As the spring season comes to an end, I couldn't help but note that the 2014-15 season was a rather disappointing one in most of the major sports. Sure, the women's bowling team claimed a national championship, but after that, there was a bunch of disappointments. Let's review, starting with the Huskers' flagship sport:
The Huskers started the season 8-1, and arguably could have been 9-0 if Alonzo Moore could have snagged that late pass against Michigan State. Things were actually looking good in Madison early on, with the Huskers grabbing a 17-3 second quarter lead on the Badgers. Then Melvin Gordon happened. By halftime, Nebraska had lost their lead. By the end of the third quarter, Bo Pelini had pretty much lost his job as the Badgers were on their way to their eighth unanswered touchdown. Minnesota overcame a double-digit deficit in the second half to upset Nebraska in Lincoln, then the Huskers needed a couple of De'Mornay Pierson-El miracle punt returns to get to overtime against Iowa. In the summer, Pelini talked about finishing the season in the college football playoff, but by Christmas, Pelini found himself back home in Youngstown, OH instead of Pasadena or New Orleans.
Tim Miles' group started the season ranked in the top 25, but didn't stay there long. A road loss to Rhode Island knocked them out of the rankings, and back-to-back losses to Creighton and Incarnate Word set off alarms throughout the state. Nebraska entered the Big Ten schedule at 8-4, but limped through the Big Ten at 5-14.
After sweeping Texas, Nebraska was ranked in the top 20 and looked every bit a regional host after a 23-7 start. But going 11-16 to finish the season meant that Nebraska not only didn't make the NCAA tournament, they almost didn't even make the Big Ten Tournament.
The volleyball team finished the season with a strong run through the NCAA tournament after going 14-6 in conference play. Upset Washington in Seattle to make the Elite Eight, but then got swept by BYU, who eventually fell to Penn State in the national championship match. On the sand this spring, the women lost to Hawai'i and Southern Cal to open the season, then winning six straight to finish 6-2.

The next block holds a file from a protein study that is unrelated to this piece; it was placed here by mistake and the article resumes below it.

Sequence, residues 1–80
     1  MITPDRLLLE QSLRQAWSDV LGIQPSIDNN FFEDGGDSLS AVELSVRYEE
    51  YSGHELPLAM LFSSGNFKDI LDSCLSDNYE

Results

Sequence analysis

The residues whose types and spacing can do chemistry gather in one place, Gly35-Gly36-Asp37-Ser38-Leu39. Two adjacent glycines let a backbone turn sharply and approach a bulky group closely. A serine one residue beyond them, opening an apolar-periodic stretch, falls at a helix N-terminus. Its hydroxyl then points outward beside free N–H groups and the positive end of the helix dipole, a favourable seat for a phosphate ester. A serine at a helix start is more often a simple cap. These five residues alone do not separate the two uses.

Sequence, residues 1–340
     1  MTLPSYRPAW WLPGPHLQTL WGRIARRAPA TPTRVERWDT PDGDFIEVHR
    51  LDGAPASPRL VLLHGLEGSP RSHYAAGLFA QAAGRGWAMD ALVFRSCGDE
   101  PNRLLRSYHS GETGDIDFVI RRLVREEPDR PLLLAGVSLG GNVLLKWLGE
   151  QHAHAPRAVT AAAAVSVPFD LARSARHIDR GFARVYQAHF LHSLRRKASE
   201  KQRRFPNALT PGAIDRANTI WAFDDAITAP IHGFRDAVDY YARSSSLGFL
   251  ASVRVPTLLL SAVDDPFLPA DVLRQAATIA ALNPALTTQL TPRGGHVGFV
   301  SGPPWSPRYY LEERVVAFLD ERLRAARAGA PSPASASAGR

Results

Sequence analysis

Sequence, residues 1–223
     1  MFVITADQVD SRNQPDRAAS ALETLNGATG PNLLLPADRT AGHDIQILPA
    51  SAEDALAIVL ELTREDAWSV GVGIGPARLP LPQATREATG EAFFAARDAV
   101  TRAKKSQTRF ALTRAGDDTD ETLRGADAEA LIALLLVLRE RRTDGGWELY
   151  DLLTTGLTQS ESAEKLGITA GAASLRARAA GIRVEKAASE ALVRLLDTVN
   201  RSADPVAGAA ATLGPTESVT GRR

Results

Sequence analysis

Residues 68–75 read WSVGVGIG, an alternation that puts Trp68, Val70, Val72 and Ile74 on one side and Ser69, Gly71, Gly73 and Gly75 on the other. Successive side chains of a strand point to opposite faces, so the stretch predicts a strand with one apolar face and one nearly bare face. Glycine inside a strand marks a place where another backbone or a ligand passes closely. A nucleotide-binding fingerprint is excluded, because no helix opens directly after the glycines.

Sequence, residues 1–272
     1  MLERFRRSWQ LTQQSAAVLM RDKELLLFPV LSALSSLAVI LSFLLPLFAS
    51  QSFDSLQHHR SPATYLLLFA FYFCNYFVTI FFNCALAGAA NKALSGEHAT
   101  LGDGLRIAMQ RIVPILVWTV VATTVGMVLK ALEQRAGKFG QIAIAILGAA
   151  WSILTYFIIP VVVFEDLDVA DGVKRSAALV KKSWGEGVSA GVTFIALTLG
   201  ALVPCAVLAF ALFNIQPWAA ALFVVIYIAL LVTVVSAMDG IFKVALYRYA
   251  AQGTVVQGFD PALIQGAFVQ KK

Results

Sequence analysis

Connie Yori's team was putting together a pretty respectable season until junior point guard Rachel Theriot injured her ankle in early February. Without Theriot, the Huskers went 4-7 down the stretch, bowing out in the quarterfinals of the Big Ten tournament. They did earn a #9 seed in the NCAA tournament, losing to #8 seed Syracuse 72-69 to end the season.
Rhonda Revelle's team had another strong season, going 35-23 and finishing second in the Big Ten. LSU, who eventually would qualify for the Women's College World Series, eliminated the Huskers in the Baton Rouge regional.
Track and Field
Both the men's and women's track teams finished second in the Big Ten outdoor championships and are currently participating in the NCAA's West Preliminary Round. The men's team won the Big Ten's indoor championship in March, while the women finished in a tie for fifth place.
The men's and women's squad both finished 13th in the Big Ten. (Enough said.)
The men finished 11th out of 12 teams in the Big Ten, while the women finished 13th out of 14 Big Ten teams.
The men finished a disappointing seventh at the Big Ten championships, while the women finished third.
The women's rifle team finished fourth at the NCAA championships.
Swimming and Diving
The women's swimming and diving team finished ninth at the Big Ten championships.
The Huskers finished 14-1 in dual meets, but then finished seventh at the Big Ten championships. The Huskers rebounded to finish ninth at the NCAA tournament.
The highlight of the year in sports season has to be the bowling team that won a national championship. Softball and volleyball had strong seasons as well. But the most common thread throughout all of Nebraska's sports in 2014-15 was poor finishes. It was a problem that started with football, but also affected both basketball programs and baseball. That's not to say that the reasons were the same (they weren't); just that the results of the biggest programs in Lincoln were eerily similar.